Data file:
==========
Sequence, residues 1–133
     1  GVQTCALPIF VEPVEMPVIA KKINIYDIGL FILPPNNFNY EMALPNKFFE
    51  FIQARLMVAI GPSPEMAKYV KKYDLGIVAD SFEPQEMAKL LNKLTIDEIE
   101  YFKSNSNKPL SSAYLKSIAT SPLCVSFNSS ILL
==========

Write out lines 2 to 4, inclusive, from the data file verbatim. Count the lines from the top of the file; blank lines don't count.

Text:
     1  GVQTCALPIF VEPVEMPVIA KKINIYDIGL FILPPNNFNY EMALPNKFFE
    51  FIQARLMVAI GPSPEMAKYV KKYDLGIVAD SFEPQEMAKL LNKLTIDEIE
   101  YFKSNSNKPL SSAYLKSIAT SPLCVSFNSS ILL